When it comes to surviving a nuclear blast, paint is probably the last type of defense you’d consider. However, with the advent of nuclear weapons – which were continuously growing in power – there was a real risk that the release plane would not be able to outrun the blast. As one of the key design requirements of an aircraft is being lightweight, they couldn’t exactly cover the bombers in a few feet of reinforced concrete and lead shielding. Instead, they had to use any means possible to improve an aircraft’s survival.
As surprising as it sounds, an aircraft’s color is important to its survivability.
A nuclear explosion releases immense amounts of energy. While the blast wave is devastating to objects within its range, thermal radiation emitted by the bomb can affect objects almost immediately (as it travels at approximately the speed of light) and at much greater distances. A 1 megaton bomb can cause second-degree burns from around 6 miles away. This intense thermal radiation was what engineers wanted to defend against.
There was little that engineers could do to protect an aircraft from the physical shockwave of a nuclear blast, but they were able to reduce the intense and long-range thermal radiation emitted from the explosion. To do this, aircraft that may be exposed to nuclear blasts were given a brilliant white paint scheme.
It was hoped that this small addition would give aircraft and crews a slightly higher chance of surviving a blast. Named “anti-flash white”, the scheme was inspired by the 1953 “The House in the Middle” study.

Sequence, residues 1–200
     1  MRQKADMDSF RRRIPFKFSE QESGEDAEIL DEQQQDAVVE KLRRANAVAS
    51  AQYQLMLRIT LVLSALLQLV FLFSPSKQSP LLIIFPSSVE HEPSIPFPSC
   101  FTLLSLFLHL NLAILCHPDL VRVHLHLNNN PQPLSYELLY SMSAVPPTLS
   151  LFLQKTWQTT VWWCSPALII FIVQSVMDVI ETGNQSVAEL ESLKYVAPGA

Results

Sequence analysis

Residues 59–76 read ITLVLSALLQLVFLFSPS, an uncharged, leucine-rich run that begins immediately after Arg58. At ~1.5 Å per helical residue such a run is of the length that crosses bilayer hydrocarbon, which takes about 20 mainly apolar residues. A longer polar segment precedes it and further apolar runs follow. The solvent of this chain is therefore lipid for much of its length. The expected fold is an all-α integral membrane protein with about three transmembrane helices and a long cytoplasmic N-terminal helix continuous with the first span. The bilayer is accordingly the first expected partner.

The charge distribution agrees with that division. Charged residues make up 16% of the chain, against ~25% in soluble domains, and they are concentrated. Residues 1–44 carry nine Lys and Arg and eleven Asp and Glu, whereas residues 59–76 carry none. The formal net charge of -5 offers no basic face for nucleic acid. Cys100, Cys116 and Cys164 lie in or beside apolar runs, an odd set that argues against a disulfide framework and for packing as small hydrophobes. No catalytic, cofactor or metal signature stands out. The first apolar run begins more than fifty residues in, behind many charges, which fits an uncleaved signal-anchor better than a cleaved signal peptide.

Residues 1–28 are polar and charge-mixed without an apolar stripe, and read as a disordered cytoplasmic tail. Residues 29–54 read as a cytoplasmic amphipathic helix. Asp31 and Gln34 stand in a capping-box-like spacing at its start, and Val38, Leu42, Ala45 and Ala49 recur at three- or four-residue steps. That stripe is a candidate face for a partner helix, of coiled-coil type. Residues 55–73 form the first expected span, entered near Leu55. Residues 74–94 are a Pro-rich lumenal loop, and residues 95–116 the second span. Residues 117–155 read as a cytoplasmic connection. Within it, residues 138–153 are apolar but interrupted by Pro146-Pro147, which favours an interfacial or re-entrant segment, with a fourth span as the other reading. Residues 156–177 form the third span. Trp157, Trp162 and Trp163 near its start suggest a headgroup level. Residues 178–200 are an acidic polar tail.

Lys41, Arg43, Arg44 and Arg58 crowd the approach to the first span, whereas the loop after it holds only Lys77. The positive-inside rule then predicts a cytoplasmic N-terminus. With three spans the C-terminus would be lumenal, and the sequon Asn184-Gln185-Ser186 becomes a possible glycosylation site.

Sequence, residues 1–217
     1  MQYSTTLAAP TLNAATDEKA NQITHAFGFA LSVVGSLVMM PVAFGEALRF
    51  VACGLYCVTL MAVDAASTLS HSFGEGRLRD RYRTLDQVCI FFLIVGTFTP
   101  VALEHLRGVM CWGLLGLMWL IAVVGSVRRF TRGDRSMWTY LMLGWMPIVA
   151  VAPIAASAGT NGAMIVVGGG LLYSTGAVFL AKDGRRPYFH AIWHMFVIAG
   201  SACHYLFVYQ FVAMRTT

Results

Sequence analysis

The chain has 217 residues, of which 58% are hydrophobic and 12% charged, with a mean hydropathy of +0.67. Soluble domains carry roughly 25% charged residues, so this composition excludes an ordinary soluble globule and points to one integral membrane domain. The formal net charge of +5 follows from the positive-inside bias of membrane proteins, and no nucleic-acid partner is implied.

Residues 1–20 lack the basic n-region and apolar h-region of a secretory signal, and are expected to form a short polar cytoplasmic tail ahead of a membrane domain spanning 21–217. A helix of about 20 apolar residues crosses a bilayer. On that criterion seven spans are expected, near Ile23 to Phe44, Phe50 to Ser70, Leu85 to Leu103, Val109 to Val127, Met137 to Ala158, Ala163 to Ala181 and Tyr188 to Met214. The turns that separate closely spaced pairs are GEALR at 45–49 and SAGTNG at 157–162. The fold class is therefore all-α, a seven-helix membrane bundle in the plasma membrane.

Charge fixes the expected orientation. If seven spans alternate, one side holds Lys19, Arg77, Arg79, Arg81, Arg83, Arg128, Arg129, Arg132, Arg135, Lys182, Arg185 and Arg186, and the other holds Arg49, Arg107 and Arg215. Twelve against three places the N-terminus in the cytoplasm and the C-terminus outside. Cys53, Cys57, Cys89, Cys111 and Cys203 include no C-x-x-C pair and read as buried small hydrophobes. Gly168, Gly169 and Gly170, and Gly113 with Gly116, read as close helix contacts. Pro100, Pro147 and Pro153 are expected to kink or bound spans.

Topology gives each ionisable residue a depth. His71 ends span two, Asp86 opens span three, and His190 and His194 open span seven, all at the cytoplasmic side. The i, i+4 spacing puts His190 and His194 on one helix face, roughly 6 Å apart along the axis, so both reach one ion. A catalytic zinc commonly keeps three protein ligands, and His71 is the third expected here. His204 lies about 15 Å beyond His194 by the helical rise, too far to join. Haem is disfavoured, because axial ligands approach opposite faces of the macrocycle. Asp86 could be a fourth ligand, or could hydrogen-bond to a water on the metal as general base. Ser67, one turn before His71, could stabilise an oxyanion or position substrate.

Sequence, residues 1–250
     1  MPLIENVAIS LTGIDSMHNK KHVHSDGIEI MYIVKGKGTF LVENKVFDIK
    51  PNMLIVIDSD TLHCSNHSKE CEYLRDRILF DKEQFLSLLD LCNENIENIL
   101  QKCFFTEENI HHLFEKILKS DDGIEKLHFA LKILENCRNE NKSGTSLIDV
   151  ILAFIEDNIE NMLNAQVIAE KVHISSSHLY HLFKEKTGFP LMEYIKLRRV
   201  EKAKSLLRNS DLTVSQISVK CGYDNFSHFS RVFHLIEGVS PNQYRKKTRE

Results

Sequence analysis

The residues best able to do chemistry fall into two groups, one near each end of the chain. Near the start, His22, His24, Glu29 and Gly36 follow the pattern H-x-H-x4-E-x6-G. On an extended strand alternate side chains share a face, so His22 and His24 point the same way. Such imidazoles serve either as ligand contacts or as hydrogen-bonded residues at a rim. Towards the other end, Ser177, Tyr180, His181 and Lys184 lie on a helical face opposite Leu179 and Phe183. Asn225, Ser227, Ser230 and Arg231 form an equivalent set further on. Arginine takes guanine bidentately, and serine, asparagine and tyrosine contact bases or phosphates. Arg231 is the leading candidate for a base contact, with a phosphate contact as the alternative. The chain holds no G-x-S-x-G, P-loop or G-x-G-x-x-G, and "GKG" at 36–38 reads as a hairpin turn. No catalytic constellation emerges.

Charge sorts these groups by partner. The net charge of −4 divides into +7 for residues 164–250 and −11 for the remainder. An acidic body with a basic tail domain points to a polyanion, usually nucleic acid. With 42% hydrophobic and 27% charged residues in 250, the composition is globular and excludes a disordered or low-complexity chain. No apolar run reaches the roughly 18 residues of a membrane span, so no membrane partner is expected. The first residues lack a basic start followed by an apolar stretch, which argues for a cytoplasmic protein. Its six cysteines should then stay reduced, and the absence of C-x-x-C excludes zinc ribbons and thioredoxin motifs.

This study took place on the Nevada Test Site and investigated the effects of the Encore nuclear bomb test, which occurred on May 8, 1953, as part of Operation Upshot-Knothole. Its name “Encore” began with the letter “E”, indicating the blast was an “effects” test. For effects tests, objects were brought in to see how they responded to a nuclear blast at varying distances from ground zero.
One of the objects included in this particular test was trees, but as the test location was in a desert, 145 Ponderosa pines had to be relocated to the site by the United States Forest Service. They were cemented into holes in the ground, 6,500 feet from the blast.
The House in the Middle study focused on three houses that were placed on the range, each in different conditions. One house was in poor condition, with old, dry exposed surfaces. The second was in a similar condition but had trash in the yard. The third house was freshly painted and had no trash in the yard.
The 27 kiloton bomb was dropped from a B-50 Superfortress and detonated at a height of 2,423 feet. The explosion set fire to the first home, burning the whole thing down. The trash and weathered parts of the second home also caught fire. The third house though – freshly painted in white and well maintained – did not catch fire.
The study was filmed and turned into a documentary by the Federal Civil Defense Administration to show citizens the importance of their home’s condition. The study ignored the deadly effects of radiation though, so the documentary was soon considered obsolete. However, the differences made by white paint were not.
Soon after, bombers from all nuclear powers were painted in “anti-flash white.” From below, the bright-white paint actually doubled as an acceptable camouflage, but when viewed from above the white aircraft stood out against the ground. To address this some aircraft – particularly Soviet – had their upper surfaces painted gray.
As aircrafts’ roles and the delivery methods of nuclear weapons changed over time, anti-flash white schemes faded out of use. In addition, the paint does almost the exact opposite job of the coating on stealth aircraft.